The filter means 30 is formed in a flat circular disc shape. The closure means 52 is of a size and shape corresponding to the filter means 30. This configuration promotes uniform flow outwardly from the point at which liquid is discharged from discharge aperture 24 and onto reaction zone 32. The uniform flow outwardly through filter 30 as provided by this inventive test device is advantageous over other test devices for several reasons. It is desirable to have all of the specimen pass through a localized zone of the filter material, and to have relatively large quantities of liquid pass through the localized zone. This is accomplished by making the receiving inlet 22 larger than the discharge aperture 24 so that large quantities of liquid are funneled for localized discharge onto the reaction zone 32. The outward flow permits a large area of absorbent material to be in contact with the filter so that large quantities of liquid can pass through the filter means while maintaining a small reaction zone. Further, to promote the passage of the liquid through the reaction zone rather than merely spreading across the surface of the filter, a substantially liquid impermeable shield 70 contacts the surface of the filter means 30 separating the discharge aperture 24 from the absorbent means 40.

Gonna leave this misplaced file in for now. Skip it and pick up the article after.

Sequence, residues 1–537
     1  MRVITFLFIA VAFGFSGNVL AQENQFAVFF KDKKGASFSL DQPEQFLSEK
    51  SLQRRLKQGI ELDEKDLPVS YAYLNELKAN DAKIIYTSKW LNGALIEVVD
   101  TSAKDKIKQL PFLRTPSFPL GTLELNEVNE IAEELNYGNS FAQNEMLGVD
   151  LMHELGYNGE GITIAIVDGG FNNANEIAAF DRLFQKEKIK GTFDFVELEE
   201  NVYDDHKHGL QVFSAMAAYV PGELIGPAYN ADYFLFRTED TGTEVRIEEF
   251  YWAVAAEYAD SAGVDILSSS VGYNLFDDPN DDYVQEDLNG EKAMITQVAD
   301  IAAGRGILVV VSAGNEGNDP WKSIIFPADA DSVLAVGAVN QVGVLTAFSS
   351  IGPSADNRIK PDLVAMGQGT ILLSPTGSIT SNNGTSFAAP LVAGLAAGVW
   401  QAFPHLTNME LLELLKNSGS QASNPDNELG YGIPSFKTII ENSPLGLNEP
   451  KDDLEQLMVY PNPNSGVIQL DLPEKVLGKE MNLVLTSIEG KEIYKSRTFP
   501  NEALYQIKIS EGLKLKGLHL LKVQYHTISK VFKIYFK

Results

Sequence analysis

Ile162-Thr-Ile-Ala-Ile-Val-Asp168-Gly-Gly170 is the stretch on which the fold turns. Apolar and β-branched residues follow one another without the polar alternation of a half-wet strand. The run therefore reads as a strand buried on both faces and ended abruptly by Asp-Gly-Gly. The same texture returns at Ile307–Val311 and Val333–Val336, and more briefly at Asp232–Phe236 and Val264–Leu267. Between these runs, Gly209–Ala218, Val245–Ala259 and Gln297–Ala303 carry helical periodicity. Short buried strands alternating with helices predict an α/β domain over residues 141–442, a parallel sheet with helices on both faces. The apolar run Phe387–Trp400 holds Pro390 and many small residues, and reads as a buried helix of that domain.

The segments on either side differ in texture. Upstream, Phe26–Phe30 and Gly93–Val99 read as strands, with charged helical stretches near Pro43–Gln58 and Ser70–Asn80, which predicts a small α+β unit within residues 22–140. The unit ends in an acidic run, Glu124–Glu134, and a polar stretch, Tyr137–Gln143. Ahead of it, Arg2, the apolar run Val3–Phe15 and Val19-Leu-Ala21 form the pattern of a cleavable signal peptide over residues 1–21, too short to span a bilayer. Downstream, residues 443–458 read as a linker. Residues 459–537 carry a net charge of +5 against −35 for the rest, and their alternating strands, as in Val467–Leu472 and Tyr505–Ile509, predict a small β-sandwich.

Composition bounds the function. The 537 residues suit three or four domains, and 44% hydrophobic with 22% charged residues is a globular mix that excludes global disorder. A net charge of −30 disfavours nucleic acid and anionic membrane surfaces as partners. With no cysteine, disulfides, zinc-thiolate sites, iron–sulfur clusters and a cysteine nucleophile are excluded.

It is important that fluid applied to the reaction zone area pass into the filter means and flow outwardly into the absorbent means. Flow of fluid across the top of the filter means must be impeded so as to ensure the chromatographic separation of the bound from unbound materials via capillary action. As shown in FIG. 2, the shield means 70 is provided by abutting the bottom end 26 of the liquid input means 20 against the filter means 30. The shielding action is promoted by having at least one serration 72 which contacts the upper surface of the filter means and compresses it slightly to provide an impediment to surface flow so that the liquid is directed into and must pass through at least a portion of the reaction zone 32 structure via the interstices within the reaction zone of the filter means 30. To promote complete shielding with minimum localized compression of filter means 30, multiple serrations are used in the preferred embodiment as shown in the drawings. Alternatively, the shield means 70 can be permanently affixed to the filter means, ensuring the separation of the discharge aperture from the absorbent means.